Scientific paleontology began in the 19th century, but the ever-curious Greeks were well aware of fossils. Here's a clear account of what they knew about them—and what they made of the strange bones they found. Mayor, an unaffiliated folklorist, begins with an examination of the griffin—a creature half-lion and half-bird, to which no particular mythological tales attach. Mayor argues that the creature is based on travelers' tales of the fossils of Protoceratops—a small, beaked dinosaur abundant in the Gobi Desert, exactly the region in which the ancients reported griffins to be found. More common in the Mediterranean region are the fossils of prehistoric mammals—in particular, mammoths, mastodons, and large rhinoceros-like creatures. These the Greeks interpreted as the bones of the Titans and Giants whom their gods and legendary heroes defeated in combat. Mayor explains the giant bones of ancient heroes displayed in Greek temples as those of prehistoric mammals. The prevalent ancient belief in the degeneration of the human race since heroic times was reinforced by the size of the bones unearthed. The Romans were also collectors of ancient bones, although they tended to look at them as curiosities rather than objects of veneration: Augustus and other emperors had bone collections. While such philosophers as Aristotle and Pliny ignored what we would consider irrefutable evidence of large ancient animals as anomalies inconsistent with their notion of unchanging nature, Herodotus, Pausanias, and others did describe them. Mayor connects these ancient accounts with areas in which fossils have been discovered in more recent times. While Mayor sometimes belabors herpoints,on the whole this is clear, readable, and convincing. A surprising account of material overlooked or misunderstood by both historians of science and interpreters of Greek myth. (83 b&w illustrations)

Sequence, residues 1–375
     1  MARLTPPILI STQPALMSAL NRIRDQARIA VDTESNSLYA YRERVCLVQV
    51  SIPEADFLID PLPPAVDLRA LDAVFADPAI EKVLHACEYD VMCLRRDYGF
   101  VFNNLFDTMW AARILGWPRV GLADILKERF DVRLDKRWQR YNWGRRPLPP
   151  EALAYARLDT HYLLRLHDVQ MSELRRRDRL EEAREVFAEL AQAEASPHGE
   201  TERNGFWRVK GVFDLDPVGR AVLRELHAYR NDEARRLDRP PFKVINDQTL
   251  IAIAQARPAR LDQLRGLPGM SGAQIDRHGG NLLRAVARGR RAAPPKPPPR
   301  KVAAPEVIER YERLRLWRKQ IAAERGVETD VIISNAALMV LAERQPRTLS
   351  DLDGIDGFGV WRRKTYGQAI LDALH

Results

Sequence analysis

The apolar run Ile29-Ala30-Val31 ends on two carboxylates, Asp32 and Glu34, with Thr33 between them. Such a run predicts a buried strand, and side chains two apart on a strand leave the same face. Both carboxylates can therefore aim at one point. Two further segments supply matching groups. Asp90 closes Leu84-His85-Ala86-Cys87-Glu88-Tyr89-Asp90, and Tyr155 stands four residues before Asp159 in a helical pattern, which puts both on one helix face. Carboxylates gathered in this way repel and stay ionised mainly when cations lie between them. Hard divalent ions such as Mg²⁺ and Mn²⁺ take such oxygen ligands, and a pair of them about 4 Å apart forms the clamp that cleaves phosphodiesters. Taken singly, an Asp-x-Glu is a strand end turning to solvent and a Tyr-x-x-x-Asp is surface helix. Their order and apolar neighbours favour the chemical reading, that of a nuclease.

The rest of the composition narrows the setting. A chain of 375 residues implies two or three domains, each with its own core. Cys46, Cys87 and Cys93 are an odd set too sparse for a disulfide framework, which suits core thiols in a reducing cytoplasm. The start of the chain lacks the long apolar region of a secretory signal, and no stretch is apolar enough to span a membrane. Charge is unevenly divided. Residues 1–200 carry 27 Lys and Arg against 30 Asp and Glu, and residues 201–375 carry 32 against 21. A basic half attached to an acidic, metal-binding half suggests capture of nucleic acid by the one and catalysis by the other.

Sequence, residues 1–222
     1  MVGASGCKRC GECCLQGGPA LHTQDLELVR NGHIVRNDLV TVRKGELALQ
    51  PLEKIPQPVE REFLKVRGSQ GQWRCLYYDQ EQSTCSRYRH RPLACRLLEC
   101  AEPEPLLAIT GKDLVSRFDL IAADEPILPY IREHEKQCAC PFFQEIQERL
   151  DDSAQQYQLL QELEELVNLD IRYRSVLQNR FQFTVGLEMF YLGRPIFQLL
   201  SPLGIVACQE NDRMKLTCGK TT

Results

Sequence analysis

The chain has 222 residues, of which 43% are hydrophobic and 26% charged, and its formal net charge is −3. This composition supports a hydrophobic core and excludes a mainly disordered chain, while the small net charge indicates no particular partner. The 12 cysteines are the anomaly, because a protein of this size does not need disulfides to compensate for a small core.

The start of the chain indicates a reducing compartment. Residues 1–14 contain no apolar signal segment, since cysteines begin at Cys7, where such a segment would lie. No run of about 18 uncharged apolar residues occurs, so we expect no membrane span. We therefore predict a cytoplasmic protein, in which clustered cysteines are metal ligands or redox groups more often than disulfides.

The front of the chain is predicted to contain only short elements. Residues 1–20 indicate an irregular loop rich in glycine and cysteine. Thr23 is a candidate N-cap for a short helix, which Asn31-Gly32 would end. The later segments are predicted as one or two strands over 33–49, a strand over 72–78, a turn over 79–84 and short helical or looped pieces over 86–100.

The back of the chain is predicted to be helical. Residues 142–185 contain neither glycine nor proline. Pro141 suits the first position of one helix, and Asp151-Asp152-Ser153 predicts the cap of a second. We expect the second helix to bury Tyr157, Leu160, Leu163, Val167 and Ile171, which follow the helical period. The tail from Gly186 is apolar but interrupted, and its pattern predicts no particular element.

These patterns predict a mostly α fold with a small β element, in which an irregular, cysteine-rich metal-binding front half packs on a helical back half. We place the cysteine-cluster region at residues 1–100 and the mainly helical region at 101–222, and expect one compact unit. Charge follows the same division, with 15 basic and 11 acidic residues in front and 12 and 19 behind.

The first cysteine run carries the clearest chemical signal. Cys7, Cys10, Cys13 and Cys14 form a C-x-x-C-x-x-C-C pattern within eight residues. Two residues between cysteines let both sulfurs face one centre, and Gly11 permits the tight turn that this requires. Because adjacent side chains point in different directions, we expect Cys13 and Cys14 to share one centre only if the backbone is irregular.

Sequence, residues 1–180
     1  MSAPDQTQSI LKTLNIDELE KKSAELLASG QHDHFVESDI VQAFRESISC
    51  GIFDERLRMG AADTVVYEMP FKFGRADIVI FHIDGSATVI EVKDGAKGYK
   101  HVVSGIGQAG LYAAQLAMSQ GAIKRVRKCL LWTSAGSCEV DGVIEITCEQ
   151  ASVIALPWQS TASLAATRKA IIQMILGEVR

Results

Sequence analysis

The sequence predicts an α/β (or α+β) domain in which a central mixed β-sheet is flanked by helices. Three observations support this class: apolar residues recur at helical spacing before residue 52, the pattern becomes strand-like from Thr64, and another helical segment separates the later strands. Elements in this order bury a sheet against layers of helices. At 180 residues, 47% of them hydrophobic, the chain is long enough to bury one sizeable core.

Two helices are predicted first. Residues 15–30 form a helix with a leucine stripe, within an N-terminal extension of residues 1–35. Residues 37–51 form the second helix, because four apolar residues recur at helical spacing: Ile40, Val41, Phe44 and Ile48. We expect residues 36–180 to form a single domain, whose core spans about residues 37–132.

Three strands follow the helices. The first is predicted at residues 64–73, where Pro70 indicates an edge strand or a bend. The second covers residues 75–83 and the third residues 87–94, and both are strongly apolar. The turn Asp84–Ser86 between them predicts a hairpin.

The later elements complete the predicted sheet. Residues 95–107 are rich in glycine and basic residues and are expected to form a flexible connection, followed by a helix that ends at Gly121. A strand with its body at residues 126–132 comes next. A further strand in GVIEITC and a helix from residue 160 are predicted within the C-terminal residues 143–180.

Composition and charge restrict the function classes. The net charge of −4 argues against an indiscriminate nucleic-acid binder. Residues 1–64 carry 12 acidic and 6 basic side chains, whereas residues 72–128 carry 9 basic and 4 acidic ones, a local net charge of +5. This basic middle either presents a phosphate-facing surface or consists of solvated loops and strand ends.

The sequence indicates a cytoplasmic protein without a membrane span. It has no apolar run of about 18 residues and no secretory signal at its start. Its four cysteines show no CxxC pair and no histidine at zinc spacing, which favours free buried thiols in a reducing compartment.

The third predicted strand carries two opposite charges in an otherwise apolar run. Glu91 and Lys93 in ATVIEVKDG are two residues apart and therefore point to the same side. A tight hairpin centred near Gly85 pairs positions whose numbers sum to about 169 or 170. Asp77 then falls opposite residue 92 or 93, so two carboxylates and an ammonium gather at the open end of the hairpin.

American Journal of Archaeology
This book is a pleasure to read. . . . The insight into human behavior is enough to attract anthropologists and laypeople to read this fascinating account of paleontology in ancient times.
— Deborah Ruscillo
American Scientist
The First Fossil Hunters brings together mythology, art geology and paleontology in a convincing matter. . . . In times long past, others had the same fascination we do today with the sight, feel and sense of something once living and now extinct.
— Tim Tokaryk
Marshaling the array of evidence available from scholarly and popular works, and contributing her own research, Mayor shows that far from ignoring fossils, many Native American groups took great notice of them and developed elaborate myths to explain their origin. . . . Though Mayor is careful not to homogenize native myths, she does note that virtually all of them exhibit a sense of "deep time," as geologists call it: an awareness that the world has existed for far longer than humans have walked it.
— Eric A. Powell
Mayor [combines] the skills of the literary scholar with those of a dinosaur hunter . . . [A]lthough readers will learn a good deal here about the remains of mammoths and protoceratops, they will learn much more about human imagination, that fertile source of science, of legend and of fraud.
Geological Magazine
In her introduction Adrienne Mayor takes palaeontologists and historians of palaeontology to task. At best there has been accidental ignorance and at worst wilful avoidance and misrepresentation of how much the Greeks and Romans knew about fossils . . . Mayor proceeds to make her case with detailed 'chapter and verse' from the ancients. It is indeed impressive and generally very convincing